That night I dreamt I gave stillbirth to a young lamb and laid him in the grass. I believe it was the lamb from Magnu’s Nilsson’s Faviken book and this artist's depiction of a small microcosm of life growing out of a death. Nilsson has said “ Meat is the remains of what was a living individual that we selfishly raised and killed with the sole purpose of feeding ourselves.”
I felt a million living tendrils
rooting through the thing I was,
as if I’d turned to earth before my death
or in my death could somehow feel.- Christian Wiiman
We always kept our distance from this particular herd of cows. They don’t have names. They have sharp horns. She died much like a wild deer I had seen while hiking once, its skeletal form bent against its tree where its foot was still tangled. Except maybe we are a little less cruel than nature and she didn’t die slowly, stuck in a hole for a long time waiting for the wolves. A part of me welcomed this nourishment from a death that was not a choice.
But an incarnation is in particular flesh
And the dust that is swirled into a shape
And crumbles and is swirled again had but one shape
That was this man. When he is dead the grass
Heals what he suffered, but he remains dead,
And the few who loved him know this until they die.- Galway Kinnell Freedom, New Hampshire
When I was about thirteen or fourteen and first had regular access to the internet, looking back into the past of my name, in boredom. I came across a women who shared it, Gwendolyn MacEwen, a poet and writer. She had died a year after I was born from the alcoholic malady I sometimes feel is a particularly Celtic curse. In pictures she has the most haunting eyes, eyes that seemed far older than her face.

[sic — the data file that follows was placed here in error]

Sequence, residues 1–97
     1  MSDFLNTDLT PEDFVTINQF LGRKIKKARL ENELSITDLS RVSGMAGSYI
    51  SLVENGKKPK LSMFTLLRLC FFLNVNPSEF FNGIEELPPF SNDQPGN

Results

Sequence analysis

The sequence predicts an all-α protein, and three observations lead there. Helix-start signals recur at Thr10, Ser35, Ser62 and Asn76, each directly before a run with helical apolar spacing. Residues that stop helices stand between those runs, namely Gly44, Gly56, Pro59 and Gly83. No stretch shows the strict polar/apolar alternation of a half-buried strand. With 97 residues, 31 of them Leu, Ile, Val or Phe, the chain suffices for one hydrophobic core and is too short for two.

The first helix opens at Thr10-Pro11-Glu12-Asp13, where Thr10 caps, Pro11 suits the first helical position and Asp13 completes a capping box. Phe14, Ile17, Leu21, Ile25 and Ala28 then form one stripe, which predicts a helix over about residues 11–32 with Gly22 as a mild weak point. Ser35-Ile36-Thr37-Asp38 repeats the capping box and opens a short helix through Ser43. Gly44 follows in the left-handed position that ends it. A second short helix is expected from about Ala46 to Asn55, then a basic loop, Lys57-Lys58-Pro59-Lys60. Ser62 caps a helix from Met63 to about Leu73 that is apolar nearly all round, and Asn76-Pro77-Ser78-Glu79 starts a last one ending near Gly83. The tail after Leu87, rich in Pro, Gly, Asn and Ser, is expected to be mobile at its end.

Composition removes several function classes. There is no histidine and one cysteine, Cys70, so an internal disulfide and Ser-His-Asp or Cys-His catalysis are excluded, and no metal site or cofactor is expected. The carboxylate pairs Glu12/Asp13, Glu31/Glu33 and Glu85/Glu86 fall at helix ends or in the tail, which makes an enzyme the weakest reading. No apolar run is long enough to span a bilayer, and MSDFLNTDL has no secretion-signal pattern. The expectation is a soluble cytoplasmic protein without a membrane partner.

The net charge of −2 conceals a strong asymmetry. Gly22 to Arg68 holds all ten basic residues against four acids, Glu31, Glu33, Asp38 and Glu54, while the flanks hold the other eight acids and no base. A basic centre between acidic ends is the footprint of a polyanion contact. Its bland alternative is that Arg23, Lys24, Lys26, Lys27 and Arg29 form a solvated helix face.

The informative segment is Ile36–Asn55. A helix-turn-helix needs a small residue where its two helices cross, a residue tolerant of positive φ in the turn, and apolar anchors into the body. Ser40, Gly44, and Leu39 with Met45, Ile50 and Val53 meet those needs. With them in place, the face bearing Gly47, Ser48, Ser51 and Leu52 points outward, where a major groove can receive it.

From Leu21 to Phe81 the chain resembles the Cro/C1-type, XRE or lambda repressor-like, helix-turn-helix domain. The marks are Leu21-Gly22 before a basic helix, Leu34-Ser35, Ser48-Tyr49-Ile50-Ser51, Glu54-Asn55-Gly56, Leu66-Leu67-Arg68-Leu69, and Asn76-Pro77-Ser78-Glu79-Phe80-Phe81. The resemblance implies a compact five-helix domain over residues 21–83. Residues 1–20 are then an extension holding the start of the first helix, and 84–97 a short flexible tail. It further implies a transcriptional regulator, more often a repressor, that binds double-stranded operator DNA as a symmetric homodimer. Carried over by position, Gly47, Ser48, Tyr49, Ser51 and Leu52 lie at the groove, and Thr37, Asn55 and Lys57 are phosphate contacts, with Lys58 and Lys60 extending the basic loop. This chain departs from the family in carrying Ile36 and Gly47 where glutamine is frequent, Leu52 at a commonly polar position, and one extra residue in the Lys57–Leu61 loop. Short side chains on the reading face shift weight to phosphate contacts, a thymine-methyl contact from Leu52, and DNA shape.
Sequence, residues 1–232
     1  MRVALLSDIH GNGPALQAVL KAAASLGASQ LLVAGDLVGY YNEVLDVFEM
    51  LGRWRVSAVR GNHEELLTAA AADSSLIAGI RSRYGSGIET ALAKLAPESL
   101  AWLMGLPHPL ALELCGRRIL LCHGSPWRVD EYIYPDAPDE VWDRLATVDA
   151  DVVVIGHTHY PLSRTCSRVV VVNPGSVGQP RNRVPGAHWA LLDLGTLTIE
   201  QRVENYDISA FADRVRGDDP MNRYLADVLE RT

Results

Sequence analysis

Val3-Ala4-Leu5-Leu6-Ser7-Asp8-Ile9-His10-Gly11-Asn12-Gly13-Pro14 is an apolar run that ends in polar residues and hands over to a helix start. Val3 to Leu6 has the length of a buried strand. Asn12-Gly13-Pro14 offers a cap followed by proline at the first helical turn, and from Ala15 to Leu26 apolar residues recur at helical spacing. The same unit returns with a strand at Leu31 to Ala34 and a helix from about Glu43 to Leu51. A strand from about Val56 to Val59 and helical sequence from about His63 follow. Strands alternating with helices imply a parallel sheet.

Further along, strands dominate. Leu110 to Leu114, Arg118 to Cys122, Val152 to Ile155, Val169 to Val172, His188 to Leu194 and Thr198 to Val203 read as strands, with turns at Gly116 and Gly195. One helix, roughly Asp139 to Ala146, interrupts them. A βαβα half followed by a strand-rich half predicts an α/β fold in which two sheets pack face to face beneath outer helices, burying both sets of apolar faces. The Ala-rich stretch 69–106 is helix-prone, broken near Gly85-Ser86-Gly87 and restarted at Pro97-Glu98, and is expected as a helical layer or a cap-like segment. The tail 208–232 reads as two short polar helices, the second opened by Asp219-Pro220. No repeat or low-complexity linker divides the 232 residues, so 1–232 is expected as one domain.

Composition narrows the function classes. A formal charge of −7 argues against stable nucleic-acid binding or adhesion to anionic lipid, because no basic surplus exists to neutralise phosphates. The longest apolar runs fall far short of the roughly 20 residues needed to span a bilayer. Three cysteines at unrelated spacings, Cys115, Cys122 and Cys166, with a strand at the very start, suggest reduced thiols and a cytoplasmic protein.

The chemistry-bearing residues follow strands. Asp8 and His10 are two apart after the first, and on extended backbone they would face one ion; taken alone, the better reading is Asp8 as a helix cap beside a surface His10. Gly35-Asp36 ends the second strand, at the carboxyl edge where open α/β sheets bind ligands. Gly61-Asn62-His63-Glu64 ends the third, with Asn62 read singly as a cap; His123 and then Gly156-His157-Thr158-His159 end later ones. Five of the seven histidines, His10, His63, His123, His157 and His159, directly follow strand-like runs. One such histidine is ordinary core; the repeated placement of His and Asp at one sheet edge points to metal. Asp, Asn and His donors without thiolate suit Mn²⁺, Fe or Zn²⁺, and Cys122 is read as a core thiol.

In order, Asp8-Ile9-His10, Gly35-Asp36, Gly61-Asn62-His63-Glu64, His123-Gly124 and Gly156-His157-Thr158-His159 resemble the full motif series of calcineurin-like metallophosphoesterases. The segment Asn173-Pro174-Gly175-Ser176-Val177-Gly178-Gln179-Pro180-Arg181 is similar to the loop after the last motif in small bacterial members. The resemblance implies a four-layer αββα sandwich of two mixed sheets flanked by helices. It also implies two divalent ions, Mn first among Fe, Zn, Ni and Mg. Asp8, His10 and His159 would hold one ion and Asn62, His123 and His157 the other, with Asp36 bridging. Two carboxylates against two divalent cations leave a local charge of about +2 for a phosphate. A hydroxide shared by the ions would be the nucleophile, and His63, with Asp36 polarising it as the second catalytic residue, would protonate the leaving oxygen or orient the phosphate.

There is one poem of her that I have been remembering since. It is Dark Pines Under Water:
This land like a mirror turns you inward
And you become a forest in a furtive lake;
The dark pines of your mind reach downward,
You dream in the green of your time,
Your memory is a row of sinking pines.
Explorer, you tell yourself this is not what you came for
Although it is good here, and green;
You had meant to move with a kind of largeness,
You had planned a heavy grace, an anguished dream.
But the dark pines of your mind dip deeper
And you are sinking, sinking, sleeper
In an elementary world;
There is something down there and you want it told.
I think of it often. I think it must be stored in the deepest part of my brain, where it has gathered a hold of the way words are in my thoughts, like a strange prayer that emerges in the woods and at night. Before her I didn’t really write, but it has been like an infection since.
I was never the sort that anyone could call private. But there is so much that just must be left unsaid for now at least, people whose shadows I trace with my words, deftly avoiding showing their faces.
One way I do that is to write of the past. Of things that no longer live in consciousness on this world. But even then people always seem to have a stake in things.
Instead I try to write of things that seem a bit more mundane. Like trees.
I knew it - you would have too, if you'd been there; it was a figure I’d glimpsed in a car park as a child; an expression crossing the face of a stranger late one night at Waterloo Station as I hurried for a train with my parents; a carving in the portico of a mediaeval church. In some nightmarish way it was particular, and it was also infinite. It was itself, it was the wood, it was the last roses in the garden, and yet it was also a wider sentience, perhaps best described as the feeling that the trees and fields we look at have always secretly been looking back into us.- Alasdair MacLean of The Clientele